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Topical Questions

Volume 731: debated on Tuesday 18 April 2023

Since we last met, the Department has been active in, for instance, publishing the “Powering up Britain” document. In the last week, I have been in South Korea and Japan, where we negotiated with the G7 an update to the climate energy security plan, and a large number of our partner G7 countries expressed the view—not always recognised throughout the House—that this country leads when it comes to the green transition in energy.

Energy costs remain a major concern for many businesses. In particular, as has been recognised, the tying of electricity prices to the price of gas is raising energy prices to unnecessarily high levels, which is deterring investment in electrical technologies and forcing businesses to continue to invest in gas-powered technology. Will my right hon. Friend tell us when the decoupling of electricity and gas prices will actually happen?

This decoupling is a particularly complex matter, but we are absolutely into the detail of it. As my hon. Friend knows, the connection between electricity and gas prices is to do with the way in which the contracts have been written. We are conducting a review of the electricity market, and we are also looking at the way in which some of the existing standing costs are allocated between gas and electricity, with the aim of achieving precisely what my hon. Friend is after.

Today’s announcement on prepayment meters is simply not good enough. The new rules ban forced installations for only a very narrow group and do not do so for what is called the medium-risk group. I am reading from the document here. That group includes

“those with Alzheimer’s, clinical depression, learning difficulties, multiple sclerosis…the elderly up to age 85, the recently bereaved, and those with the youngest children.”

How has the Secretary of State allowed this to happen?

I think the House recognises that we have moved very fast on prepayment meters—[Interruption.] The same rules were in place when Labour was in power for 13 years. We are the ones—[Interruption.] I am reminded that the right hon. Gentleman probably set the rules in the first place, but I will have to fact check that for the record. We have taken a number of steps to relieve that pressure and I am pleased to see the Ofgem announcement today. We will keep this matter under review and go further if required.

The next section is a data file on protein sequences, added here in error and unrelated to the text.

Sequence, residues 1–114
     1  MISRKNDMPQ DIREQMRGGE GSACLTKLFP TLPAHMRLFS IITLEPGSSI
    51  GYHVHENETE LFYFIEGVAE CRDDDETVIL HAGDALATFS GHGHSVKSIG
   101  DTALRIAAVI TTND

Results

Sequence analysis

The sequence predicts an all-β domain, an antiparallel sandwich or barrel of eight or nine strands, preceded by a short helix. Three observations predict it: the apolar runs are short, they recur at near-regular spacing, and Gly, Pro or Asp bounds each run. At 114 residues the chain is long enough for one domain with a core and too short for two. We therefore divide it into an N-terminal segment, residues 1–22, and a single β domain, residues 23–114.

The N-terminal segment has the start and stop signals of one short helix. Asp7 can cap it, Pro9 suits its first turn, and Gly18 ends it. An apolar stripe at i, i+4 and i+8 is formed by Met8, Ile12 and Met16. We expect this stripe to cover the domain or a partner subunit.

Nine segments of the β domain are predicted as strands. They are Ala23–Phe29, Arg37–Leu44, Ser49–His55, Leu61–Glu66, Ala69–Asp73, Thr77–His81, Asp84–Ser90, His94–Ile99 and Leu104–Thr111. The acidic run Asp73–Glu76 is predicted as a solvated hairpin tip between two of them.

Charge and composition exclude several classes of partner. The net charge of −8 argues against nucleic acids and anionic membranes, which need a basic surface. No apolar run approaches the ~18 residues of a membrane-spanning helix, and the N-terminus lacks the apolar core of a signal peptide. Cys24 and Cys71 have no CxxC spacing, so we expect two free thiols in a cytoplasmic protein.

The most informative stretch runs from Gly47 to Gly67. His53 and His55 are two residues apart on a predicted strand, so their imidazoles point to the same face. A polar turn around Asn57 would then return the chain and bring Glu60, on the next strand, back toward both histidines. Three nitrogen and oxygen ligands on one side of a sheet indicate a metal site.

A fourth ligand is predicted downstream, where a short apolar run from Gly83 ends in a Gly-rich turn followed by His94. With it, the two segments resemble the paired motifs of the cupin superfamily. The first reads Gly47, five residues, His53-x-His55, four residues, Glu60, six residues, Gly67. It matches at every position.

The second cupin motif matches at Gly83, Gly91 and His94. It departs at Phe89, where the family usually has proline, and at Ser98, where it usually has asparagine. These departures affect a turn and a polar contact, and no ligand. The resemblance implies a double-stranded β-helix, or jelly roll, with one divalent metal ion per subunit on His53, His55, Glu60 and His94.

What a completely hopeless answer. There is a high-risk group for whom a ban is being put in place and a medium-risk group for whom the Government are leaving this at the discretion of the energy companies, which is simply not good enough. Will the Secretary of State now instruct the regulator to keep the forced installation ban in place until he meets the promise he made—which is being broken today—to protect all vulnerable customers?

It is an Ofgem announcement today, which I welcome because I asked Ofgem to go away and come to a voluntary agreement. It is actual action that makes a difference. What the right hon. Gentleman needs to explain is how, if we did not have some sort of measure in place to allow people to install meters to manage those finances, he would deal with all the additional cases that would end up in court. As ever, he gives simplistic answers in a complex world that I would not expect him to even start to address.

T6. Potton island and Foulness island in the Rochford district would very much like to see onshore wind farms. What incentives can the Government bring forward when onshore wind comes back online? (904560)

The Government want communities to participate in and benefit from onshore wind proposals for their areas, and we will shortly issue a consultation on onshore wind partnerships in England to enable supportive communities hosting new onshore wind infrastructure to enjoy the benefits of doing so, exactly as my hon. Friend says, by getting developers to support local energy discounts, new community infrastructure projects and the like.

T2.   Energy-intensive businesses need Government support to transition to a low carbon economy, including the Vauxhall van plant in Luton South, yet last month’s “green day” saw only weak reannouncements on carbon capture and storage and nuclear, and no new money for industry. Can the Minister explain why the Government are failing to help our motor manufacturing industry to decarbonise? (904556)

We have announced an unprecedented £20 million investment in the development of carbon capture, utilisation and storage and a £185 million extension to the industrial energy transformation fund, and confirmed the first winners of the £240 million net zero hydrogen fund. In addition, this Government have provided more than £2 billion since 2013 to energy-intensive industries to make electricity costs more competitive.